The New York State legislature is debating a bill that, if passed, will give recourse to victims of hurtful or derogatory forum comments made by anonymous users on New York-based newspaper, blog, and company websites.
“A web site administrator upon request,” the Internet Protection Act reads, “shall remove any comments posted on his or her web site by an anonymous user unless such poster agrees to attach his or her name to the post…”
With sensitivity to cyberbullying at a high, and the defeat of SOPA and other perceived threats to internet freedom still on the minds of many Americans, accountability and transparency on internet forums will continue to be contentious issues even after this bill is passed or rejected.
One GovLoop blogger, Joe Flood, recently responded, “anonymity is part of the DNA of the Internet.” He asks how the Internet Protection Act would fit within the framework of the First Amendment prohibiting infringement on the freedom of speech.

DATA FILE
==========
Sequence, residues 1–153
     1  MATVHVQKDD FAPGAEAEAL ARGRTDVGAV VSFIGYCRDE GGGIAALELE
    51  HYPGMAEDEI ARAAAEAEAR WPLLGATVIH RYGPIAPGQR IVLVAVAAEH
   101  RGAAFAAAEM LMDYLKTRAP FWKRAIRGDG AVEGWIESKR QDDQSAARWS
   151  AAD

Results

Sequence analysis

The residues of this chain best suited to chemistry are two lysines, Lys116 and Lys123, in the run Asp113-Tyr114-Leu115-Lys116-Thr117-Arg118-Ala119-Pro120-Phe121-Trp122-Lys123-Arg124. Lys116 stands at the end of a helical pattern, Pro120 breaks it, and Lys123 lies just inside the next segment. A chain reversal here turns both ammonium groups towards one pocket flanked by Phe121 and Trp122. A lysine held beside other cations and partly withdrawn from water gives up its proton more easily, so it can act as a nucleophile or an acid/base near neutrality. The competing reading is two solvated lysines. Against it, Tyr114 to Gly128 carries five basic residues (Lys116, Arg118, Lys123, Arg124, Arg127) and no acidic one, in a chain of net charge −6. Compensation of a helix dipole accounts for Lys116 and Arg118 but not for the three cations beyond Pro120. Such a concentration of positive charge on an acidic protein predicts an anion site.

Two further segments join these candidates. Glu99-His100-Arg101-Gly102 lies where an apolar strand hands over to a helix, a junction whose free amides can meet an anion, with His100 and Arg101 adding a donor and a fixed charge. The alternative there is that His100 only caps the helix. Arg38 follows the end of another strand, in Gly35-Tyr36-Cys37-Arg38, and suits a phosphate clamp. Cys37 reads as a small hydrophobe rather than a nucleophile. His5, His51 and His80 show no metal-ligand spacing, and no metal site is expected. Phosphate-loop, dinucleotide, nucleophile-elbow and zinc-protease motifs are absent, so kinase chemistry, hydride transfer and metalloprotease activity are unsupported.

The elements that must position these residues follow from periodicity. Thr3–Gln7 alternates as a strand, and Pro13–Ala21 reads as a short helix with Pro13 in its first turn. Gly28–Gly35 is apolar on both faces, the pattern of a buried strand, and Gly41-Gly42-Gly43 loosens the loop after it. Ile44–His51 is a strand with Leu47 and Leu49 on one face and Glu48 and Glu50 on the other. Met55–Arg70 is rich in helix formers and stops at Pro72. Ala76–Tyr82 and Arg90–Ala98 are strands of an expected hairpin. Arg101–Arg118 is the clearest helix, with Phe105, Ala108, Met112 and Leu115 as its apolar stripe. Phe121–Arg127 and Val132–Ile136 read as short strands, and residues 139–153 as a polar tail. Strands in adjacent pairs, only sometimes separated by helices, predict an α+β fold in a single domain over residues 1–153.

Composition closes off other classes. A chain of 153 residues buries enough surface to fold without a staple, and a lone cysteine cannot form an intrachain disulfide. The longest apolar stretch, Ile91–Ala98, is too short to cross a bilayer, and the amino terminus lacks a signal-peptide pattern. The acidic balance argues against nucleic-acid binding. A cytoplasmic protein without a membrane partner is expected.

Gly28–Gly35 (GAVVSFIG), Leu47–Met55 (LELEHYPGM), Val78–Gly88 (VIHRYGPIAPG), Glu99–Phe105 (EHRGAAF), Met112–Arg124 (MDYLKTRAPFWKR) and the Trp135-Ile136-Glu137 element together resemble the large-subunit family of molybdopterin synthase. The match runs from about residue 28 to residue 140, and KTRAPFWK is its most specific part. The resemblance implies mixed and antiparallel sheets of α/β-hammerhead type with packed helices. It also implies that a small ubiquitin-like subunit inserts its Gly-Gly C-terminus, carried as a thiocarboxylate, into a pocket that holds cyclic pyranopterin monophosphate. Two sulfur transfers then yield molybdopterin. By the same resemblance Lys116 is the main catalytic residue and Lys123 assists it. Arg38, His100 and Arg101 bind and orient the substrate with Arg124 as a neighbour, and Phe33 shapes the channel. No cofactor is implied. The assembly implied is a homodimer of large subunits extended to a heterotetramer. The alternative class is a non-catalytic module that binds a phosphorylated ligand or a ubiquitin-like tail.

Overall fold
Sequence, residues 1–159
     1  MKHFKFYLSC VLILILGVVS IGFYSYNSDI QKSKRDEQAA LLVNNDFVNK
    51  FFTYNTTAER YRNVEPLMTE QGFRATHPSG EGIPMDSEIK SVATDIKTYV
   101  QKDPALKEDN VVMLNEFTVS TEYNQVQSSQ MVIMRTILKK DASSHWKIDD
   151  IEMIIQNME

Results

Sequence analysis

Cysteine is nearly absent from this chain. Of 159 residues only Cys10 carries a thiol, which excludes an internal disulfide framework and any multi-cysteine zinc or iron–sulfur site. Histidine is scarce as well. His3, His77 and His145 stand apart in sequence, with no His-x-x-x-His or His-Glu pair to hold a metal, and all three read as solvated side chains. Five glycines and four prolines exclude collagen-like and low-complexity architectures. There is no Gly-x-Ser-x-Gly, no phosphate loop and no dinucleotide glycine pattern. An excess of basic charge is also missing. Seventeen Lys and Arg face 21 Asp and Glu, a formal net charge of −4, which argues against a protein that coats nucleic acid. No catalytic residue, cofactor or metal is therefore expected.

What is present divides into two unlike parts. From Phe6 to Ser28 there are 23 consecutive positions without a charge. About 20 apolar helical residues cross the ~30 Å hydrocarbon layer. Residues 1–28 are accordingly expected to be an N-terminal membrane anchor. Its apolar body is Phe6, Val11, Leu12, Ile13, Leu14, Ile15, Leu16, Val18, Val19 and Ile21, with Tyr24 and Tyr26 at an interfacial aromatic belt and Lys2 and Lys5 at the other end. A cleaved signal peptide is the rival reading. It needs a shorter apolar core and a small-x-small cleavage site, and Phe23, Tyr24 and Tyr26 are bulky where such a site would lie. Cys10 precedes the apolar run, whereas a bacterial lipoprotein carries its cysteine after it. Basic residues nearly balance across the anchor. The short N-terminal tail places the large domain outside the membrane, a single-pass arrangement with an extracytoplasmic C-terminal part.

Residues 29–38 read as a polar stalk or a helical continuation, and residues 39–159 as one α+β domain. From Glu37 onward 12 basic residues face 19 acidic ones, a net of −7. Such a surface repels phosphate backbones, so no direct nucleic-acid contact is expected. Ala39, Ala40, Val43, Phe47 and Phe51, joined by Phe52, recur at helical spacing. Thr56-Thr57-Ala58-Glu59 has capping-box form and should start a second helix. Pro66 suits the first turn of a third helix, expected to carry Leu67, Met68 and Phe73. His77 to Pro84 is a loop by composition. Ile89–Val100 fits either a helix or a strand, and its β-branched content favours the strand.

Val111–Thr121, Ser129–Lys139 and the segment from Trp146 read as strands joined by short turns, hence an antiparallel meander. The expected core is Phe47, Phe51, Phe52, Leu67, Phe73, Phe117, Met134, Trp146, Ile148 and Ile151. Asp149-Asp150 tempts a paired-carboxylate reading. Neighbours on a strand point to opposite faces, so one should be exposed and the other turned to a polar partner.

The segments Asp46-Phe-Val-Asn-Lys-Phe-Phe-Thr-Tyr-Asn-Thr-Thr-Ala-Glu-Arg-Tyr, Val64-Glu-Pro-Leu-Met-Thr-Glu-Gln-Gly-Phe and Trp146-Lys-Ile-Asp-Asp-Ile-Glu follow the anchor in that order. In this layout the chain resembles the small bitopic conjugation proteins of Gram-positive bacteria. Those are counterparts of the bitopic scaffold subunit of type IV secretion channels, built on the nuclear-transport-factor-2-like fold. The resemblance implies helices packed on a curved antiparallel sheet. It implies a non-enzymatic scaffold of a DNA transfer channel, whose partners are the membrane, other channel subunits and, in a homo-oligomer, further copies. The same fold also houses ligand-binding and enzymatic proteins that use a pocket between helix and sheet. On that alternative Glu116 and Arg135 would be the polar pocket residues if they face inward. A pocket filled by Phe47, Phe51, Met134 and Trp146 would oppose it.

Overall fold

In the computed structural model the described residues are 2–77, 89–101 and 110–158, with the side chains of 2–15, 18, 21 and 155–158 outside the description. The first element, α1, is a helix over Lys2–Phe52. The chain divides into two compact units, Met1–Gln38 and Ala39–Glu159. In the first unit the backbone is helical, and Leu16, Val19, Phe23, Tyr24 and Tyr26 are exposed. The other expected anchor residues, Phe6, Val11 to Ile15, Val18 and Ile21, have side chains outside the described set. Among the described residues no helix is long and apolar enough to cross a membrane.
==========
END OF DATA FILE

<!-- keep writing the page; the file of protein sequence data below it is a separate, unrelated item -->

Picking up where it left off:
“It also opens up the door to abuse,” Flood continues. “What if I own a restaurant and don’t like what people are saying about my place on Yelp? I could say that they are bullying me and demand that the bad reviews get removed. This would be a nightmare to administer, given that it only applies to NY companies.”
Others have taken a broader look at the bill, pointing out that online comments made by many anonymous users are akin to spam, often raising topics and gibberish not relevant to the original post. They believe having an avenue to remove such comments might not be such a bad idea.
“I will say that on the various news sites I visit, where “political views” are posted by readers – though much of the time it seems like their views are posted without reading anything, including their own post – those posts accompanied by a sarcastic anonymous handle do tend to be the ones that make extreme claims and comparisons,” writes Mark Hammer, an analyst in the Canadian public sector,
Another supporter of the bill commented that the blogs and newspapers benefit financially from user generated content – such as comments – that drive traffic to their site, and they should therefore be held accountable for maintaining a regulated business environment on the internet.
A vote on the bill is expected to take place within the remaining weeks of this year’s legislative session. In the meantime, this is an issue that is sure to generate a variety of opinions about the future of cyberbullying in New York, and around the country.